While special counsel Robert Mueller has concluded there was no evidence of collusion between the Trump campaign and Russia, some of the key people in creating the Russia-collusion narrative themselves have ties to a foreign nation.
Both the Democratic National Committee as well as Fusion GPS, the company hired by the DNC and the Clinton campaign to research the Trump campaign, were using Ukrainian sources in their efforts to discredit Trump.
Serhiy Leshchenko, a member of the Ukrainian Parliament, was a common thread involved in Democratic opposition-research efforts into former Trump campaign chairman Paul Manafort. Leshchenko, along with Artem Sytnyk, the director of Ukraine's National Anti-Corruption Bureau, was responsible for publicly disclosing the contents of the Ukrainian "black ledger," which implicated Manafort, to the media.
Leshchenko also served as a source for various individuals, including journalist Michael Isikoff and DNC operative Alexandra Chalupa. In addition, Leshchenko served as a direct source of information for Fusion GPS and their hired researcher, former CIA contractor Nellie Ohr.
Ohr told congressional investigators on October 19, 2018, that while she was working for Fusion, she was sometimes given leads from both Jake Berkowitz, her direct supervisor, and Fusion GPS co-founder Glenn Simpson. When asked if any Fusion research was based off "sources of theirs," Nellie answered affirmatively but said the information that came from the sources wasn't in relation to the Trump family.
When pressed, Nellie said she recalled them "mentioning someone named Serhiy Leshchenko, a Ukrainian." She later admitted she knew of Leshchenko prior to her time at Fusion as he was a "very well-known, Ukrainian, anti-corruption activist", and said she had followed him in the press.
Leshchenko revealed the existence in 2016 of the so-called Ukrainian "black ledger," which allegedly contained a list of secret payments made by Ukraine's pro-Russian Party of Regions to Manafort, among many others.
Leshchenko had adopted a strong anti-Trump stance, telling the Financial Times in August 2016 that "a Trump presidency would change the pro-Ukrainian agenda in American foreign policy" and that it was "important to show not only the corruption aspect, but that he is [a] pro-Russian candidate who can break the geopolitical balance in the world." Leschenko noted that the majority of Ukrainian politicians were "on Hillary Clinton's side."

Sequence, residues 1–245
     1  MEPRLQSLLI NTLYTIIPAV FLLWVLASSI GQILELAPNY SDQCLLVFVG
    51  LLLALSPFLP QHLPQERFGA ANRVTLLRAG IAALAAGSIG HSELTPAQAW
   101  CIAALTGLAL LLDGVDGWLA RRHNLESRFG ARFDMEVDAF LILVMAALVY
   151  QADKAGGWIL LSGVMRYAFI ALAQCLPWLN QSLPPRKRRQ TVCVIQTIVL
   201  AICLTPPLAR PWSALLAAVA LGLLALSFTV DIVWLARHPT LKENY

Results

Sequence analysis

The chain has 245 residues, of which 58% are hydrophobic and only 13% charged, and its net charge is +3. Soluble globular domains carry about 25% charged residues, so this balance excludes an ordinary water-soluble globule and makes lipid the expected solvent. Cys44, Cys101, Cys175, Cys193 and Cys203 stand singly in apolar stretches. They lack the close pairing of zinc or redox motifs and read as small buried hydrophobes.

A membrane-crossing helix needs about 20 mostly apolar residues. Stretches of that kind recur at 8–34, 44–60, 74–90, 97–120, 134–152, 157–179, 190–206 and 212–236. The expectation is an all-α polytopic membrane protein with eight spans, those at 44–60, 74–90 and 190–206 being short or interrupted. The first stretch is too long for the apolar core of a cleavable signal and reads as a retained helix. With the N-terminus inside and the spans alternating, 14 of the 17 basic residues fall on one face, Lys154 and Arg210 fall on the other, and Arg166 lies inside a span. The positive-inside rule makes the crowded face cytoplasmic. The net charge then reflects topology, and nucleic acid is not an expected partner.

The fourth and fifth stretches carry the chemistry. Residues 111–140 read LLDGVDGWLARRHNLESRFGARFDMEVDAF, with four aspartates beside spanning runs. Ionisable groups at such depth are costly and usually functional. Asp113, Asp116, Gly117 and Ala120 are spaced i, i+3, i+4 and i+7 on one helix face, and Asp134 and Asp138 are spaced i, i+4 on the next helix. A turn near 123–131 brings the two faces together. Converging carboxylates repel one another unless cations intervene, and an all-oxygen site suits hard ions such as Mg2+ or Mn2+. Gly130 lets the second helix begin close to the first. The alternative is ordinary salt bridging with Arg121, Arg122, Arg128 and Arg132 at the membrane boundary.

Nellie Ohr said she wasn't aware how the connection between Leshchenko and Fusion was established or if they were doing work for him, but she did agree that Leshchenko was "a source of information" and acknowledged that she then used that information in following up and formulating her opposition research.
Later in Ohr's testimony, Leshchenko was briefly mentioned once again. She appeared to be very careful with her choice of wording, especially when Manafort's name came up:
Ms. Sachsman Grooms: You mentioned that, at some point, somebody from Fusion GPS told you that they were giving you a tip that was based off of a source that was a Ukrainian source, Serhiy Leshchenko. Is that right?
Ms. Ohr: Yes. That they were, that they were giving me some information that had originated with him in some way.
Ms. Sachsman Grooms: Do you recall whether that information related to Mr. Manafort?
Ms. Ohr: What I'll say is that at the time at the same meeting, if I recall correctly, that his name came up, this piece of paper that lists Mr. Manafort's flights was given to me, and I'm not--I don't recall exactly right now whether they said this particular piece of paper comes from Mr. Leshchenko or not.
At this point, the questioning abruptly moved on and no further questions involving either Manafort or Leshchenko were put forth. Ohr was never asked if she had ever met with Leshchenko directly.The Party of Regions Email
In 2010, Nellie Ohr was listed as a participant in a June 2010 National Institute of Justice report, "Expert Working Group Report on International Organized Crime." Listed on the same page were husband Bruce Ohr and Simpson, who was, at the time, a "Senior Fellow, International Assessment and Strategy Center."